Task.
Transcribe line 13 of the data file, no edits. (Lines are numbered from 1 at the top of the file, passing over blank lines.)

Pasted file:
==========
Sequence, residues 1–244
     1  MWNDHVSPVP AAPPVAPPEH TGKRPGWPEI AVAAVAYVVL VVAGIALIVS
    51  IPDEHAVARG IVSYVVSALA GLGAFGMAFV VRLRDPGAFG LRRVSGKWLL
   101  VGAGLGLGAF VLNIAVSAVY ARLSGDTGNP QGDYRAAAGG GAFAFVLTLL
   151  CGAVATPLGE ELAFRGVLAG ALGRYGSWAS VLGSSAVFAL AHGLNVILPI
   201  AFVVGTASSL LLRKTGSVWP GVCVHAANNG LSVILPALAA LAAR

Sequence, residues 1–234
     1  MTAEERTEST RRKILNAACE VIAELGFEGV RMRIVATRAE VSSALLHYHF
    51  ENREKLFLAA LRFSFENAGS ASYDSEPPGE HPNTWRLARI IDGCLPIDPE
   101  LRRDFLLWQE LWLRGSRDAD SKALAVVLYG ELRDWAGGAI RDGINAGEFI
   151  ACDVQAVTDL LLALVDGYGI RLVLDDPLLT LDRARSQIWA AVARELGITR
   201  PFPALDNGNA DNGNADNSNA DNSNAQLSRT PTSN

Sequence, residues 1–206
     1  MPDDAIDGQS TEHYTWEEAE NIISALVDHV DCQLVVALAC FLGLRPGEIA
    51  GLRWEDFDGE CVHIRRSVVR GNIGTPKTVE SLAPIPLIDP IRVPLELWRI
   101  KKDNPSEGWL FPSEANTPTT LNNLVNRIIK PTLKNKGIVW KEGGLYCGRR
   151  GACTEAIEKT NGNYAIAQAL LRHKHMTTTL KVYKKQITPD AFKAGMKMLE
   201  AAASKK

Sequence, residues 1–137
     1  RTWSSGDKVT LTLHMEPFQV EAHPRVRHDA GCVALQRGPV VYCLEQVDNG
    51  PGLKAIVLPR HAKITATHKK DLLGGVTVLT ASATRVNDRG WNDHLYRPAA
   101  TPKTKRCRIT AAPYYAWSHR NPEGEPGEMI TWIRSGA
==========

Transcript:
Sequence, residues 1–206